Click for Details --> Business Development <--


Please join the private article mailing list or Call 800-245-0494 for additional information

Risk Management: Income, 401k, and IRA Programs

Take a free tour of a professional investment managers' private SEP IRA program during ten years surrounding the financial crisis:

CLICK HERE

In developing the investment plan, personal financial goals, objectives, time frames, and future income requirements should all be considered. A first step would be to assure that small portfolios (under $50,000) are at least 50% income focused.

At the $100,000 level, between 30% and 40% income focused is fine, but above age 50, the income focus allocation needs to be no less than 40%... and it could increase in 10% increments every five years.

The "Income Bucket" of the Asset Allocation is itself a portfolio risk minimization tool, and when combined with an "Equity Bucket" that includes only Investment Grade Value Stocks, it becomes a very powerful risk regulator over the life of the portfolio.

Other Risk Minimizers include: "Working Capital Model" based Asset Allocation, fundamental quality based selection criteria, diversification and income production rules, and profit taking guidelines for all securities,

Dealing with changes in the Investment Environment productively involves a market/interest rate/economic cycle appreciation, as has evolved in the Market Cycle Investment Management (MCIM) methodology. Investors must formulate realistic expectations about investment securities--- by class and by type. This will help them deal more effectively with short term events, disruptions and dislocations.

Over the past twenty years, the market has transitioned into a "passive", more products than ever before, environment on the equity side...  while income purpose investing has actually become much easier in the right vehicles. MCIM relies on income closed end funds to power our programs.

To illustrate just how powerful the combination of highest quality equities plus long term closed end funds has been during this time... we have provided an audio PowerPoint that illustrates the development of a Self Directed IRA portfolio from 2004 through 2014.

Throughout the years surrounding the "Financial Crisis", Annual income nearly tripled from $8,400 to $23,400 and Working Capital grew 80% $198,000 to $356,000.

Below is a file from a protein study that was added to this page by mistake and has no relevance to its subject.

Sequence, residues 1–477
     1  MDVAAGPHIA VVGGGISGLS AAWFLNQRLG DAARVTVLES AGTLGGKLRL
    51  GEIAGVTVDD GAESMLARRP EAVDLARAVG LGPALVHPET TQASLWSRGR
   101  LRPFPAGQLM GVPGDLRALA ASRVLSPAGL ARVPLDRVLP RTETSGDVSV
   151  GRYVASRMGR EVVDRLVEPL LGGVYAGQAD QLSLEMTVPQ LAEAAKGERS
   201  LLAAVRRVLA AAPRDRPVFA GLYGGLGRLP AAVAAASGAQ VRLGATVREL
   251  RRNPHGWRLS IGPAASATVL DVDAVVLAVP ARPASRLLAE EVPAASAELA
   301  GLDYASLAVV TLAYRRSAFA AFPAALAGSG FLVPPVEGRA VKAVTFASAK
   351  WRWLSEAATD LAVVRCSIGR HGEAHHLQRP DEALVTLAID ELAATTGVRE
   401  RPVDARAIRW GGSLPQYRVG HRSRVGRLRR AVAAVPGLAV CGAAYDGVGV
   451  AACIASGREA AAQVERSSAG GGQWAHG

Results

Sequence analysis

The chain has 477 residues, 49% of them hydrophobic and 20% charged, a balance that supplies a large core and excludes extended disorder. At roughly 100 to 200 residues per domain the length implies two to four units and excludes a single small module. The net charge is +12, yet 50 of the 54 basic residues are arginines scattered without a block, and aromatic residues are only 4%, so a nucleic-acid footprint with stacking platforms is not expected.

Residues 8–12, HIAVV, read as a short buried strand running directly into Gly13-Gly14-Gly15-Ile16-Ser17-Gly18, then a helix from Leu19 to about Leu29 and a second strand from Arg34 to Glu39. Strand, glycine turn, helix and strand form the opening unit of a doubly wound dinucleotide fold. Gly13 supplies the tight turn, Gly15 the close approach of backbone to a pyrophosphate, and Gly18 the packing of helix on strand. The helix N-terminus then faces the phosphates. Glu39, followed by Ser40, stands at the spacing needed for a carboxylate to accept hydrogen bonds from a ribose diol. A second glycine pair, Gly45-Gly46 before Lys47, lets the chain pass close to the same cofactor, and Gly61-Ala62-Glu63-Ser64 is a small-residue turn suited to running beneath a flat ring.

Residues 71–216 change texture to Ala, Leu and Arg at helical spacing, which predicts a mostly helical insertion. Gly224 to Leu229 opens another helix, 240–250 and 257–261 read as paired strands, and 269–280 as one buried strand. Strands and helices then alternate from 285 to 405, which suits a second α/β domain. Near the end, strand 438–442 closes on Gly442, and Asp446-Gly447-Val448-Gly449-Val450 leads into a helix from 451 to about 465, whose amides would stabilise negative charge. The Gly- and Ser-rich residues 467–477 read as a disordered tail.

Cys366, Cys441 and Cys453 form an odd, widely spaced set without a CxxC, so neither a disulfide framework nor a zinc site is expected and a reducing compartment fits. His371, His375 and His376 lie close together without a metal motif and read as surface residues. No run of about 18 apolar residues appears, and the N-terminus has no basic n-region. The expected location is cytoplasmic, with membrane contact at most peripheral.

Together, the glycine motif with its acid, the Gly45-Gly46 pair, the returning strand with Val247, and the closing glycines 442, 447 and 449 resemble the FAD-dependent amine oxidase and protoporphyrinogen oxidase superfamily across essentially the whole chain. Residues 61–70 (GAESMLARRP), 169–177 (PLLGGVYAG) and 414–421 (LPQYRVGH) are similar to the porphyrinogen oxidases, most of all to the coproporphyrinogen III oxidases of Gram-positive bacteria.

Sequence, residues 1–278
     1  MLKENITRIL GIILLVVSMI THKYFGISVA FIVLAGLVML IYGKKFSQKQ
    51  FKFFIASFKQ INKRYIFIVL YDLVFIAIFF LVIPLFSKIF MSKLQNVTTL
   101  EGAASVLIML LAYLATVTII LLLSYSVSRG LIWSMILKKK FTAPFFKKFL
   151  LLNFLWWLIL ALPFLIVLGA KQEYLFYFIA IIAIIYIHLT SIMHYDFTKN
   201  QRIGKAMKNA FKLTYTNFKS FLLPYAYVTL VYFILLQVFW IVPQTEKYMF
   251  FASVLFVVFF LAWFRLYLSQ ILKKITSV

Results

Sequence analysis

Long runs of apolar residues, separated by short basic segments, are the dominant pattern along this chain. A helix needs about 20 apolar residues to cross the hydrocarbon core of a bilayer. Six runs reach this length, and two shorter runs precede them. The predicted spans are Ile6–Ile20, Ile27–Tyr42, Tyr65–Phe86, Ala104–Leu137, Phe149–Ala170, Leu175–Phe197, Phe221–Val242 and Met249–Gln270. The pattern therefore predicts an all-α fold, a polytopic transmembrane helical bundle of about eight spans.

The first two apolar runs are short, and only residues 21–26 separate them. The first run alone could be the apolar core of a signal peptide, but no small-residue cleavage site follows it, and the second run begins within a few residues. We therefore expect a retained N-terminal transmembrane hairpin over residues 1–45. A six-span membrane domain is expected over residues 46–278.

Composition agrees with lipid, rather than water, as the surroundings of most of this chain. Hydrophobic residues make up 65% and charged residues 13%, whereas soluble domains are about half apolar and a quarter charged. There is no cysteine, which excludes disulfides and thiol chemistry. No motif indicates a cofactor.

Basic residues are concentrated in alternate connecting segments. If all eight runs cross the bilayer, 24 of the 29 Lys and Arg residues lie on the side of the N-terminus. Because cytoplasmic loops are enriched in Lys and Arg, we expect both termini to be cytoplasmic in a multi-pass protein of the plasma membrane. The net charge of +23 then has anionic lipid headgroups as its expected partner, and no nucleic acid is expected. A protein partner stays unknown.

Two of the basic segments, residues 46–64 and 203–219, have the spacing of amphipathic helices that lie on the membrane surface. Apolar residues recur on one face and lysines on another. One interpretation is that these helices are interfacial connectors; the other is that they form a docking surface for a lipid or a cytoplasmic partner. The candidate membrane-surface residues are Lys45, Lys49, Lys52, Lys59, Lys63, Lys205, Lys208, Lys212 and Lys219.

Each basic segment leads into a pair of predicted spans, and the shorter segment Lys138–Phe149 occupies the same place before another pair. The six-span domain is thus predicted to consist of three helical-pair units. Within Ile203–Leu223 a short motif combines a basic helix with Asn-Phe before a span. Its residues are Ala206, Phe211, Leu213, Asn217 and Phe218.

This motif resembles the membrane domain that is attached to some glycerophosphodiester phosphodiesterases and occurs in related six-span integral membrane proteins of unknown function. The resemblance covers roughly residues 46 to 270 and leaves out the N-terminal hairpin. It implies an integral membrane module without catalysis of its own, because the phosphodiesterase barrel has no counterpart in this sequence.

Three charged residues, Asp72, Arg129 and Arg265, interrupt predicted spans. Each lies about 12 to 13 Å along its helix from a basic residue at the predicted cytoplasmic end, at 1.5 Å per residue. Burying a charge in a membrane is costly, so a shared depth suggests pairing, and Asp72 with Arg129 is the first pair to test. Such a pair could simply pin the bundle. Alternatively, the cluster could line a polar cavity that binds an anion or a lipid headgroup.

Total income is 6.5% of capital and more than covers the RMD.

https://www.dropbox.com/s/b4i8b5nnq3hafaq/2015-02-24%2011.30%20Income%20Investing_%20The%206_%20Solution.wmv?dl=0

Managing income purpose securities requires price volatility understanding and disciplined income reinvestment protocals. "Total realized return" (emphasis on the realized) and compound earnings growth are the key elements. All forms of income secuities are liquid when dealt with in Closed End Funds. 



Associated Content:
Registered Investment Advisors & The Stock Market! - This page is intended for professionals only. Here's an opportunity to provide a unique and necessar...
Investment Advisors 101... Ask These Questions - Investment Advisors (IAs) come in all different intellectual, professional, and alphabetical varieti...

Please read this disclaimer:
Steve Selengut is registered as an investment advisor representative. His assessments and opinions are purely his own and do not represent the views of any other entity. None of his commentary is or should be considered either investment advice or a solicitation of business. Anyone seeking individualized investment advice should contact a qualified investment adviser. None of the information presented in this article is intended to be or should be construed as an endorsement of any entity or organization. The reader should not assume that any strategies, or investments mentioned are any more than illustrations --- they are never recommendations, and others will most certainly disagree with the thoughts presented in the article.